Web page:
A Four Step Plan…

Unlike some leadership skills that can be built over time, embedded as habits and then take less effort, commercial acumen is something we need to constantly work on.

To make good judgements, we need up-to-date insights, which means regular research. Here we break down commercial acumen into four areas, helping you consider the research required and the questions to be asking.

A few of our clients have the leadership capability “Watching the World” in their competency frameworks, and this is great language for describing one quarter of commercial acumen. Astute leaders are researching their industry and their customers’ industries, finding out what their competitors are doing, and what market commentators are forecasting. We have called it Market Insights here to clarify that this is about looking outside of your own business.

The second aspect of commercial acumen is to deeply investigate your own company and gain a deep level of Business Understanding. How does this business work? How does it make money? What is the process or supply chain – meaning the step-by-step journey through your business from a customer query to a bill paid, or from a product idea to a customer purchase.

How does your organisational structure all fit together? Who does what and where are the interdependencies? When we fully understand this, we can start to recognise where things are working well and where issues are arising. What are the levers that can be pulled on costs, sales and therefore profit?

When was the last time you carried out a SWOT analysis? It is easy to hear about age-old ideas like this one and dismiss it, but the simple SWOT analysis is anything but simple when we see the power of drawing together internal and external insights to identify priorities. Below is more detail, including questions to ask in each area:


This is about what the business is good at now.

What is working well?

What do customers love about this business?

Where are there strong results?

What is driving positive results?


This is about what the business is not good at now.

What is not working well?

What are the common customer complaints?

What is eating away at your profitability?

Where are there poor results?


This is about what the business could do in future, in order to do better.

You could translate the strengths and weaknesses above into opportunities, planning action to make even more of the strengths and address the weaknesses.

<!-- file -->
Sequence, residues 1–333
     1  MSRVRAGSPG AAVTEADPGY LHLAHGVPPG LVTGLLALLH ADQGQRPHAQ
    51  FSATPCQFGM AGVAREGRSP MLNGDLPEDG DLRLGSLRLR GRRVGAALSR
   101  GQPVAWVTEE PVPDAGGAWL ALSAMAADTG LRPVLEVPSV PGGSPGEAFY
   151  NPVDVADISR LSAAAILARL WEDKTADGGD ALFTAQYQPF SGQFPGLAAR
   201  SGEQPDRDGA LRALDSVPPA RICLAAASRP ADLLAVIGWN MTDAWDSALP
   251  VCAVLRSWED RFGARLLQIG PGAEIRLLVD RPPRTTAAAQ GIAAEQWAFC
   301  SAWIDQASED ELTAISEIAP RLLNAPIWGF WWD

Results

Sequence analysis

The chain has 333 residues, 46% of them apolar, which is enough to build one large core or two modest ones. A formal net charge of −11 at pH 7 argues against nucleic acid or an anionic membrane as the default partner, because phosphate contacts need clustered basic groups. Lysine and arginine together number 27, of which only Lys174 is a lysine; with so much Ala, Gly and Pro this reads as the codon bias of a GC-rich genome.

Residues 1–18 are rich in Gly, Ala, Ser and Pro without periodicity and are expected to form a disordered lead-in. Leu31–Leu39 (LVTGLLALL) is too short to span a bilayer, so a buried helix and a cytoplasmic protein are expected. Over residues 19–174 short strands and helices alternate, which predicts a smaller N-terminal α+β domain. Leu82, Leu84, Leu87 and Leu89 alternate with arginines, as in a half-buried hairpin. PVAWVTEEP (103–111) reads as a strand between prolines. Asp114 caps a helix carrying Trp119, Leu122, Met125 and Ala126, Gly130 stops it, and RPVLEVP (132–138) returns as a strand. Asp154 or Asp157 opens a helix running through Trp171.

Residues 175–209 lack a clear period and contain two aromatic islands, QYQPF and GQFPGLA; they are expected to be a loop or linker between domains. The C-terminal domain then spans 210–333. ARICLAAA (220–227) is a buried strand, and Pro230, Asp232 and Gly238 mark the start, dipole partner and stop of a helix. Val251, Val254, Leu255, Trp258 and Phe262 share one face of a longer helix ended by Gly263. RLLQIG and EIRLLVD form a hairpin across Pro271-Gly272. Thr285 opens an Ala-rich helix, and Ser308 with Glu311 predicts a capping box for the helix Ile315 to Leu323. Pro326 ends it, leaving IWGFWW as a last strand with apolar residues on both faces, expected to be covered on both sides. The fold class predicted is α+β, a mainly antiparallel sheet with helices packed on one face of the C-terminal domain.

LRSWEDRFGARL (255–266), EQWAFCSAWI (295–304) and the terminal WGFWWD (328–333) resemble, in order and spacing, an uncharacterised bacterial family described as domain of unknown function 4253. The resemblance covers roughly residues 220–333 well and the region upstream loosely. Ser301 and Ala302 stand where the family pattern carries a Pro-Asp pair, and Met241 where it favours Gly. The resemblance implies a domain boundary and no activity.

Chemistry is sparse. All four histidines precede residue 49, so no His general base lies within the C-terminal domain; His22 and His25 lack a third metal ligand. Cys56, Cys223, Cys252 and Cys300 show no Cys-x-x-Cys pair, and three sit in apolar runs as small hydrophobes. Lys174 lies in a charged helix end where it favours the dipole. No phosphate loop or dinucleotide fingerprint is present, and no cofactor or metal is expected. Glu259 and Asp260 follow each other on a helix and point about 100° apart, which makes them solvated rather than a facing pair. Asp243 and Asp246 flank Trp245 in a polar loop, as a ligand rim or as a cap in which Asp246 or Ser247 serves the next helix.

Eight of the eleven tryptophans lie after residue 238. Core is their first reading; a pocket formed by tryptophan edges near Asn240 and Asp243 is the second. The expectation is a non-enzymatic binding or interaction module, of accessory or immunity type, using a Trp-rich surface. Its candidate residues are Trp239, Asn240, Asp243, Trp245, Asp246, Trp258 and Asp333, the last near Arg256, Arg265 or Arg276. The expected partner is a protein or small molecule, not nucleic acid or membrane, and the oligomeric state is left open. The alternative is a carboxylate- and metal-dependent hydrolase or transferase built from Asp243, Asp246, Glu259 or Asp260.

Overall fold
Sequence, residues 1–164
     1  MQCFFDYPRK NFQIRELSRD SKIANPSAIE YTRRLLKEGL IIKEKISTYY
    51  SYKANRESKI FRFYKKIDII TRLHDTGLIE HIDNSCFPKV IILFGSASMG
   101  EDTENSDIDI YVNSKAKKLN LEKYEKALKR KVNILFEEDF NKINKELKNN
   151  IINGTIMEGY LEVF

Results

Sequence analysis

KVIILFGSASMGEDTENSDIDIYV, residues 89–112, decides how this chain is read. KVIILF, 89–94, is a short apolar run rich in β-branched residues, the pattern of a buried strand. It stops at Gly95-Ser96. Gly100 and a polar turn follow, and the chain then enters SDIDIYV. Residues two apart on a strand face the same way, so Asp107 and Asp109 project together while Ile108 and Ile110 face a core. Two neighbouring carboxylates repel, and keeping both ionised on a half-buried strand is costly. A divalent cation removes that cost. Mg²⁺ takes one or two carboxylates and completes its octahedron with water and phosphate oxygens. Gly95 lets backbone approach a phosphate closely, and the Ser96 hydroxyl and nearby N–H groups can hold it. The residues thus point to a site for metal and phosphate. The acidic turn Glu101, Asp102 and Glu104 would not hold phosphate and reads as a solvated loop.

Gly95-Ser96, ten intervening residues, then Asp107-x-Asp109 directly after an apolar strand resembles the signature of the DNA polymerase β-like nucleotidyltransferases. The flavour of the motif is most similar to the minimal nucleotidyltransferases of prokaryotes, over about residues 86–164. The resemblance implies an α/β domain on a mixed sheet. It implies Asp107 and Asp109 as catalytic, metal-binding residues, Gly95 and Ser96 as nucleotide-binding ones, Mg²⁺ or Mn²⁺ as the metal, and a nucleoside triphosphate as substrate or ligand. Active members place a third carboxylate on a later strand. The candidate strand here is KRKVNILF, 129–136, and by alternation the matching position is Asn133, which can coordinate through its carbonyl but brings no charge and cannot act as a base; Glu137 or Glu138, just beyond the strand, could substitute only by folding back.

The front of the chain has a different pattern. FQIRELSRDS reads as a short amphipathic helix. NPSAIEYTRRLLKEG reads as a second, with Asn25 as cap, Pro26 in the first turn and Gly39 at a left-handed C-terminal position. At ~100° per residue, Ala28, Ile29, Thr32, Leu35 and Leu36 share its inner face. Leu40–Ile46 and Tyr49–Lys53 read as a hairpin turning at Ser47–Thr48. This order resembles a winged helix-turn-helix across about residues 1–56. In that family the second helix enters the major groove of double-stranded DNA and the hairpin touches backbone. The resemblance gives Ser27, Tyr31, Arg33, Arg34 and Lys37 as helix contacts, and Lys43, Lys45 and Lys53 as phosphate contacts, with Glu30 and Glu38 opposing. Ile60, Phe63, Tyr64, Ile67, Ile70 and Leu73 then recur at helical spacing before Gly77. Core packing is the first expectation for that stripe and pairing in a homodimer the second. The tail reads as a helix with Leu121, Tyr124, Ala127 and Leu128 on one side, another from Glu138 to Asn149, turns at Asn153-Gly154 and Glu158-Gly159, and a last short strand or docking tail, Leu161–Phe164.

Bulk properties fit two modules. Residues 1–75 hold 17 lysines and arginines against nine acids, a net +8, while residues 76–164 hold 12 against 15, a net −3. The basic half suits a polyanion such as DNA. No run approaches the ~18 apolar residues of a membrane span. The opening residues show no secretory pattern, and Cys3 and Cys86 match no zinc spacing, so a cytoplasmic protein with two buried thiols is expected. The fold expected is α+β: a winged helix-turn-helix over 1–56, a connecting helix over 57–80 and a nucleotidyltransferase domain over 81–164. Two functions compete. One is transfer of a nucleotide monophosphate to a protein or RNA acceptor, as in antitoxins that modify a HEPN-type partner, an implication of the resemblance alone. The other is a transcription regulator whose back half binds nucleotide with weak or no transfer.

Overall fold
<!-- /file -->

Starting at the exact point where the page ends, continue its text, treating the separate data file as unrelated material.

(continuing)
Based on your market insights, what could the business be doing to prepare itself for new customer needs or changing market conditions?

Based on your strengths, where is there opportunity to offer a new product or service? Many companies have recognised the power of selling their expertise on top of their products, for example, the Disney Institute sells their expertise in leadership.

What opportunities are there to improve sales, costs, departmental performance?


This is about things that could happen in future, which could damage the business.

Based on your market insights, what risks could the business face? Threats from competitors? Threats from disruptors (e.g. Blockbuster video were only looking out for other high street competitors, and missed the threat of the internet and video streaming services).

Based on your business analysis, what risks have you identified? This could be linked to the weaknesses above, or even to the strengths, where you have recognised that a strength is unstable. Common examples are related to talented individuals: so the business may have four high-performing accounts all reliant on that one account manager. What if they leave?

Finally and not surprisingly, you need to do something with all of this information. Choose the priorities, make decisions, plan action, set a vision for the company…

This is the Setting Direction part of commercial acumen. We have worked with a few leaders over the years who have been strong on research, using their network of clients, competitors and industry leaders to find out what is going on and perhaps even forecast market changes. Yet the move to action has been stalled.

Call it analysis paralysis if you will, or simply a gap in leadership skills. The most effective leaders either take their insights and translate these into decisions and plans, or of course, engage their teams to carry out that latter step.

Commercial acumen need not be an isolated job, and in fact there is harm to be caused by a lack of sharing. What if you know something that complements or contrasts with a colleague’s recent insights?

Sharing what you have learnt, encouraging the team to research as well, drawing together insights and asking, “what does this mean for us? What are the priorities? What shall we do?” is a great opportunity for engagement and empowerment.

So rather than working on your commercial acumen in isolation, why not share this article with your team and engage everyone in the journey?